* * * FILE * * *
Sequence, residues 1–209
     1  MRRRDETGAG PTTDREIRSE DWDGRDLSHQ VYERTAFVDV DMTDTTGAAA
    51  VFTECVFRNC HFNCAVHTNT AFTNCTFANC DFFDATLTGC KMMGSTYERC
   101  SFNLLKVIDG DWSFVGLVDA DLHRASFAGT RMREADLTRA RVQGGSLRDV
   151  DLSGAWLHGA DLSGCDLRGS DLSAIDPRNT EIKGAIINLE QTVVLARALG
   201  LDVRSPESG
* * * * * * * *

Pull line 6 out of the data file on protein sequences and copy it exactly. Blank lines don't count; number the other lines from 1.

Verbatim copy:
   201  LDVRSPESG